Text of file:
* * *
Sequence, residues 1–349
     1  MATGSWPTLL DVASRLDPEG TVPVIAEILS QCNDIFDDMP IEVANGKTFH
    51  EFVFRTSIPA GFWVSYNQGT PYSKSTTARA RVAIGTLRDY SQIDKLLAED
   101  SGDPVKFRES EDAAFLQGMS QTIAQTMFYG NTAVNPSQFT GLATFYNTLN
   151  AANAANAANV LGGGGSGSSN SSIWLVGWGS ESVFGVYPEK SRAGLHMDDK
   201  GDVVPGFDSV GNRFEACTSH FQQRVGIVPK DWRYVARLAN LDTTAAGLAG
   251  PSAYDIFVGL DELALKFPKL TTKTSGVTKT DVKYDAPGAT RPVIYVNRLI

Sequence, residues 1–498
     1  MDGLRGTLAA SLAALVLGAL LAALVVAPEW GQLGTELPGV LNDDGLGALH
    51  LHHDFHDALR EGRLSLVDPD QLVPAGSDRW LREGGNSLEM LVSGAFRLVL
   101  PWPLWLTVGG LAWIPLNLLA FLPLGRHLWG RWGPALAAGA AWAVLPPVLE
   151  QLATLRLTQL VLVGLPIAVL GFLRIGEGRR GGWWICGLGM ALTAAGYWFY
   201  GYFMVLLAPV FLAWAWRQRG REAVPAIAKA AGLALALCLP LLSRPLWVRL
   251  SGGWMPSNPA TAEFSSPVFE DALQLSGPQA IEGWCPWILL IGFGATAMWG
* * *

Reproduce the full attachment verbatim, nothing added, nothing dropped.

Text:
Sequence, residues 1–349
     1  MATGSWPTLL DVASRLDPEG TVPVIAEILS QCNDIFDDMP IEVANGKTFH
    51  EFVFRTSIPA GFWVSYNQGT PYSKSTTARA RVAIGTLRDY SQIDKLLAED
   101  SGDPVKFRES EDAAFLQGMS QTIAQTMFYG NTAVNPSQFT GLATFYNTLN
   151  AANAANAANV LGGGGSGSSN SSIWLVGWGS ESVFGVYPEK SRAGLHMDDK
   201  GDVVPGFDSV GNRFEACTSH FQQRVGIVPK DWRYVARLAN LDTTAAGLAG
   251  PSAYDIFVGL DELALKFPKL TTKTSGVTKT DVKYDAPGAT RPVIYVNRLI

Sequence, residues 1–498
     1  MDGLRGTLAA SLAALVLGAL LAALVVAPEW GQLGTELPGV LNDDGLGALH
    51  LHHDFHDALR EGRLSLVDPD QLVPAGSDRW LREGGNSLEM LVSGAFRLVL
   101  PWPLWLTVGG LAWIPLNLLA FLPLGRHLWG RWGPALAAGA AWAVLPPVLE
   151  QLATLRLTQL VLVGLPIAVL GFLRIGEGRR GGWWICGLGM ALTAAGYWFY
   201  GYFMVLLAPV FLAWAWRQRG REAVPAIAKA AGLALALCLP LLSRPLWVRL
   251  SGGWMPSNPA TAEFSSPVFE DALQLSGPQA IEGWCPWILL IGFGATAMWG